The communities most at risk to economic shocks like COVID-19 are those that lack economic diversity.
Infrastructure can help with this. It creates opportunities for industries to grow, reduce costs and work more productively.
Inland Rail is a great example. With a faster, more reliable heavy freight link strategically integrated with export port terminals in Melbourne and Brisbane, the overall cost of moving goods along Australia’s east coast will be reduced, while our capacity to move them greatly enhanced.
The estimated result of our investment in Inland Rail is a $16 billion increase to gross domestic product (GDP) throughout the project’s delivery and first 50 years of operation (ARTC, 2020). There is also evidence that regional infrastructure projects generate up to five jobs for every million dollars of investment.
Regional infrastructure can help lower commercial barriers, which gives producers more scope and incentive to diversify the products they bring to market. It’s is an insurance policy for regional areas that have traditionally suffered most from the devastating social and economic impact of core industry collapse (eg mining and manufacturing).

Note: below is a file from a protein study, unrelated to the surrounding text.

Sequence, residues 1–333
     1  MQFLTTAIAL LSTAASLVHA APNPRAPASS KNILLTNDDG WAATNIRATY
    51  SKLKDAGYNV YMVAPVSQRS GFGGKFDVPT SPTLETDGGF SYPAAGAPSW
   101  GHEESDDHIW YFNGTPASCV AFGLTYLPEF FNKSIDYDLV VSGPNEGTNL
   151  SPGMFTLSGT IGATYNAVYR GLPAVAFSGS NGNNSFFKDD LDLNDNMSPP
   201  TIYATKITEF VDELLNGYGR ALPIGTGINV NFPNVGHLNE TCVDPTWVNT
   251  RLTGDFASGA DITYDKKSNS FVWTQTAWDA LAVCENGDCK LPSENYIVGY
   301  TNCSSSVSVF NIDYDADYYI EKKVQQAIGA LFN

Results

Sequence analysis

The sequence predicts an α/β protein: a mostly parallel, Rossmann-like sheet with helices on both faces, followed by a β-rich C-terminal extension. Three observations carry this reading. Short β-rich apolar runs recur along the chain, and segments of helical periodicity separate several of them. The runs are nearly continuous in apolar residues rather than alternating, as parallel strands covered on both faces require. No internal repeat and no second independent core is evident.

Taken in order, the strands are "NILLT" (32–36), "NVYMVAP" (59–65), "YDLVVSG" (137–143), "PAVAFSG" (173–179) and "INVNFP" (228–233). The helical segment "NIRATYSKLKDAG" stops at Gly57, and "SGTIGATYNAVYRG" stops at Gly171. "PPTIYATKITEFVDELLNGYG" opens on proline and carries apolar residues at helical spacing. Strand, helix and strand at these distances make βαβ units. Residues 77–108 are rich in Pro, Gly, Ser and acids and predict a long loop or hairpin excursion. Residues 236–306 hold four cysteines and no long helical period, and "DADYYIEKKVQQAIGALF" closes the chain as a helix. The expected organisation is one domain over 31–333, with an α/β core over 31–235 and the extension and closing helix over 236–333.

Certain assets can also help regional communities to better respond to emergency incidents such as severe weather events. For example, road upgrades might provide an alternative route for emergency services to respond to bushfires and a safer path for community residents to evacuate. While emergencies might be relatively rare (low frequency), the 2019/20 bushfire season proved that the social and economic impact when they do happen is huge.
When it comes to the business case, it is important to position this not just in terms of the probability and frequency with which emergency events occur, but in terms of the negative consequences that could be avoided through improved preparedness and resilience.